Tuesday, January 08, 2008

Majimboism & Tribal Clashes

Hot Issues of the 2007 Elections in Kenya: Majimboism is a Time Bomb!:

Though they will not publicly accept it, almost all the political parties in Kenya are made up of powerful tribal leaders who command immense despotic powers in the areas of their origin. Indeed the genesis of ODM was an open tribal meeting between Luo, Luhya and Kalenjin elders representing Raila Odinga , Musalia Mudavadi and William Ruto who agreed to cooperate in order to snatch political power from the people from Mount Kenya region. The idea of Majimboism is popularized by the notion that it will encourage the distribution of the national cake more equitably throughout the country, as opposed to the perception that the present day government financially benefits a small Mount Kenya group of tycoons close to Mwai Kibaki, more than it benefits the people outside the Central Province.

When thinking of economic benefits that can come out of Majimboism, as it is preached by the ODM, many Kenyans support the policy; but when they think of tribal clashes that could possibly originate from the same policy, they don’t want to touch it with a barge pole. The success or failure of Majimboism as a policy in Kenya will depend entirely on the manner in which its two conflicting interpretations are delivered to the people. So far all sorts of propaganda are spread by both camps and the powerful Catholic Church has openly decided to condemn it.
Those words were written last October by Joe Kadhi a veteran Kenyan journalist and Professor at USIU in Nairobi. Yesterday he added these words
The country is torn between ODM and PNU followers ready to die for their political parties without caring much about the fact that none of the two are more than personal properties of Raila Odinga and Mwai Kibaki.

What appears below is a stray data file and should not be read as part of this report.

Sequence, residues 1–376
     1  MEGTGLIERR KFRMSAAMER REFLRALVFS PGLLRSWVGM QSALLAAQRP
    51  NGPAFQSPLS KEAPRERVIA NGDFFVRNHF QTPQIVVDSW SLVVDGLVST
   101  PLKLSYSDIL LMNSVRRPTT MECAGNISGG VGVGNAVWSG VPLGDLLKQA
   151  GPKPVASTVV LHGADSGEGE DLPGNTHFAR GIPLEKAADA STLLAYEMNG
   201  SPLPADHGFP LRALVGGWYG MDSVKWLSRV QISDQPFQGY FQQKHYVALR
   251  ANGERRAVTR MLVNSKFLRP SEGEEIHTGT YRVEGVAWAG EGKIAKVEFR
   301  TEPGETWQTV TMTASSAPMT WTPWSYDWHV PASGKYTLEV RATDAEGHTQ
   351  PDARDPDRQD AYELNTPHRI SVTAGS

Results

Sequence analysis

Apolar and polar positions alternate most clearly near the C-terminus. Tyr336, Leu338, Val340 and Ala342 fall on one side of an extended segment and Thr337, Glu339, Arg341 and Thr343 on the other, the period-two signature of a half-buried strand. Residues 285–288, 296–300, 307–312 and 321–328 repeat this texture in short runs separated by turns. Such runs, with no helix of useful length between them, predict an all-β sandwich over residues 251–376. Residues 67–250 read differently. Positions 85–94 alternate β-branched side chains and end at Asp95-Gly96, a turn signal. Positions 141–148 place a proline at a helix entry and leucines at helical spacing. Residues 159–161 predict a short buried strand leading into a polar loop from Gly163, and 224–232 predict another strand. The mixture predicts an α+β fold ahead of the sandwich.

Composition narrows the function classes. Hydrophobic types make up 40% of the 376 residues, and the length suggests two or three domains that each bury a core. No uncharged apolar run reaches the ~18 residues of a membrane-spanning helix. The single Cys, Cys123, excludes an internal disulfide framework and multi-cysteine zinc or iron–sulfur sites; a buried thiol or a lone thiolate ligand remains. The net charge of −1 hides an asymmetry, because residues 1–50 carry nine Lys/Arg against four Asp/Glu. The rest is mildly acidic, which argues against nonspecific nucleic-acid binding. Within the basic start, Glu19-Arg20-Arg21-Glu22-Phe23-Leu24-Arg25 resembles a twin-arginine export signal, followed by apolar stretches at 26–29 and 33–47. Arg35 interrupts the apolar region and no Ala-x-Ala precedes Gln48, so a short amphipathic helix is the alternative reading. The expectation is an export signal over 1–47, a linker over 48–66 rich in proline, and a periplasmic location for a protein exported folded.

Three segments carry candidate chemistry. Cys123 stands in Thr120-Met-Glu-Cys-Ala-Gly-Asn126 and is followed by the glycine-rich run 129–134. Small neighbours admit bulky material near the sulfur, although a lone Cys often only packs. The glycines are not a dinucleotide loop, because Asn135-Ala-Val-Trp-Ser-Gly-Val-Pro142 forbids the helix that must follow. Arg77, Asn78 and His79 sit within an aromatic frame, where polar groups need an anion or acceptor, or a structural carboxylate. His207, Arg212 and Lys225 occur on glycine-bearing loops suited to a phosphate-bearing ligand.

It is interesting to investigate the link, if any, between the Majimboism (Federalism) debate, with the associated rhetoric of resources being taken from non-GEMA communities to the center, and the clashes that erupted after the voting. Many people, and entire communities, feel that the getting into Statehouse gives communities exclusive, or at least, priority access to the feeding trough -- where they literally take food from the mouths of poor Kenyans -- including from their own communities. This opinion has been reinforced in the blogosphere this week when many Kenyans from various communities have asked "when will it be our time to eat."

Now I am a firm believer in devolution, in fact, I am a believer in Federalism. I think that government services should be performed by government that is close to the people and the central government should only take those responsibilities that are best handled at a macro level, for instance, defense and foreign affairs. I will even go so far as to say that I am somewhat enamored by the American concept of enumerated powers where functions that are not expressly ceded to the Federal Government should be performed by state governments.

That said no government should ever infringe on fundamental rights of citizens (and non-citizens too). We all have a right to live, work and own property anywhere in the Republic. In the event that a local or regional government (or thugs wielding bows and arrows made in South Korea) ever attempts to deny these civil rights to any citizen or group of citizens then I believe that everybody else (Center and other states) should do everything within their legal power to put an immediate end to that action. This to me is more fundamental, more important than any devolution or Majimboism.

So when I hear myself think and say that I will never live or own property outside of Nairobi or my own ethnic homeland, I feel sorry for our country and think of what we have lost.


At Monday, January 21, 2008 at 12:55:00 PM EST, Blogger Ben Mkamba said...

I have read your blog with great interest.
I believe that the issue of majimboism has been greatly misinterpreted both by those propagating it and those against.
Devolution of power and the bringing of Government closer to the people indeed is a most admirable and desirable goal. This is what federalism is. It does NOT mean that only those resident of certain areas can own property or conduct business in that area. The constitution and the protection it affords all to travel live and work in any part of the country is and should remain paramount. However the use of tax and other local resources should be put in the hands of the local leadership who are more closely attuned to their own unique needs.


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